1 This essay will focus on the first of these two lines of inquiry. In the literature on nationalism and identity, many articles documented the institutional histories of youth voluntary associations. A fine example is Marnie Hay, “The Foundation and Development of Na Fianna Éireann, 1909-16,” Irish Historical Studies v. 36, n. 141 (May 2008): 53-71. Others take a cultural studies approach, such as Ríona Nic Congáil, “Young Ireland and The Nation: Nationalist Children’s Culture in the Late Nineteenth Century,” Éire-Ireland v. 46 (Fall/Winter 2011): 37-62.

2 For a concise overview of part of this period with a useful bibliography see, Lindsey Earner-Byrne, “Reinforcing the family: The role of gender, morality and sexuality in Irish welfare policy, 1922-1944,” The History of the Family v. 13 (2008): 360-369.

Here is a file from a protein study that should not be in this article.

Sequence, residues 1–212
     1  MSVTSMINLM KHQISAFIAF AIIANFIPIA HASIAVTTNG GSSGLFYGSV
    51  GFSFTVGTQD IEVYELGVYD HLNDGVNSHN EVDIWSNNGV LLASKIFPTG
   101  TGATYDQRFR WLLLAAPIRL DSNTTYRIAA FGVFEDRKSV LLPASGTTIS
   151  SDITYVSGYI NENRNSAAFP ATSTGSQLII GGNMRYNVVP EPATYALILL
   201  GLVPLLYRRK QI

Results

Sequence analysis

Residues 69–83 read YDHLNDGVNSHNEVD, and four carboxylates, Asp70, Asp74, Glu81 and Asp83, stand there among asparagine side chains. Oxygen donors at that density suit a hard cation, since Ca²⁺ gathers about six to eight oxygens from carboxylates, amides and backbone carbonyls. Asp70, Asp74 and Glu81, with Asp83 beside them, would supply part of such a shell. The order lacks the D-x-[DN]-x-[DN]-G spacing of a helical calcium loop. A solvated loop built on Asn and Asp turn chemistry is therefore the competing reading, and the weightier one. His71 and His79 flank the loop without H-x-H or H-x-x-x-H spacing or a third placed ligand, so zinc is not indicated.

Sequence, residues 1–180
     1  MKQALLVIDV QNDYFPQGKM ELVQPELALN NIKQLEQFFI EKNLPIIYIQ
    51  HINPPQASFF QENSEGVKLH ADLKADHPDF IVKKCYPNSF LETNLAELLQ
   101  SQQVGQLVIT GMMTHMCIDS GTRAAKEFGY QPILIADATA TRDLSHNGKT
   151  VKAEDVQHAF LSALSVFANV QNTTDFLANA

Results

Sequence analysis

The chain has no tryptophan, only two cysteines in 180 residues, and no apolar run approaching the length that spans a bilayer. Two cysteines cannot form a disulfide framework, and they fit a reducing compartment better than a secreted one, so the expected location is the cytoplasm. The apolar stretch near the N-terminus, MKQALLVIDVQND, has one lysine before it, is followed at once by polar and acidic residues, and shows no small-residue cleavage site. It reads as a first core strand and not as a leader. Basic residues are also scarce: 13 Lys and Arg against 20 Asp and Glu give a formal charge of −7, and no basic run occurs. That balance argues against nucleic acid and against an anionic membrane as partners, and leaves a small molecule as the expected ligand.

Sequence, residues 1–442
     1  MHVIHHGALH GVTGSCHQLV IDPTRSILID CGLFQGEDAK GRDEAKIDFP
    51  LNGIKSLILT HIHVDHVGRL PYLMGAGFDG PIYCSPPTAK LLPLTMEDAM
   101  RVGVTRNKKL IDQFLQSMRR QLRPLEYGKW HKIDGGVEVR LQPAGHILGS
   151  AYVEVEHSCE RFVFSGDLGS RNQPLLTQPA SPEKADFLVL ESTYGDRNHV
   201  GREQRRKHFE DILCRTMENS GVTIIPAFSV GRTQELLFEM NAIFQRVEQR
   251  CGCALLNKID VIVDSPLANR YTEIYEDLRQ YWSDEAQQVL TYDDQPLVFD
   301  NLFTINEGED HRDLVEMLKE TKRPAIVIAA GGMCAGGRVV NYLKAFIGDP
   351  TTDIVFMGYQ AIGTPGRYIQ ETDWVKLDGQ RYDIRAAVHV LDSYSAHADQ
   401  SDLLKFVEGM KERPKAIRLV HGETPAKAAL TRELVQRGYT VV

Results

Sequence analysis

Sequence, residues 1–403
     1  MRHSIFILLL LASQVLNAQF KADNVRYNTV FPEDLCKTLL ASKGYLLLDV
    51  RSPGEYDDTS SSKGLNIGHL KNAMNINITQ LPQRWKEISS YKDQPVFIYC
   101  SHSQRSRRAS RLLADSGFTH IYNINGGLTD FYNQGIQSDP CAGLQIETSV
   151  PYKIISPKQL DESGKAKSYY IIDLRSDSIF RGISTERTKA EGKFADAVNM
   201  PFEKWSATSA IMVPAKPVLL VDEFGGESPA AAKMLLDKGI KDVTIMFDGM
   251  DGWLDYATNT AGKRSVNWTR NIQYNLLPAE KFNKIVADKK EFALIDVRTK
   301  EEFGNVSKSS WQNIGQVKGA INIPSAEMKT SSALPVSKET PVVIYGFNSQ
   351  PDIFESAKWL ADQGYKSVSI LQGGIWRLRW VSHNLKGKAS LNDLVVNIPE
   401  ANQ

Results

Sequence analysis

3 Virginia Crossman, “Cribbed, Contained, and Confined?: The Care of Children under the Irish Poor Law, 1850-1920,” Éire-Ireland v. 44 (Spring/Summer 2009): 37-61.

4 This is a complex issue. See Moira J. Maguire and Séamas Ó Cinnéide, “‘A Good Beating Never Hurt Anyone': The Punishment and Abuse of Children in Twentieth Century Ireland,” Journal of Social History v. 38, no. 3 (2005): 335-352; Sarah-Anne Buckley, “Child neglect, poverty and class: the NSPCC in Ireland, 1889-1939 – a case study,” Saothar: Journal of the Irish Labour History Society (2008): 57-69; Maria Luddy, “The early years of the NSPCC in Ireland,” Eire-Ireland v. 44 (Spring/Summer 2009): 62-90; Mary E. Daly, “The primary and natural educator? The role of parents in the education of their children in independent Ireland,” Éire-Ireland v. 44 (Spring/Summer 2009): 194-217.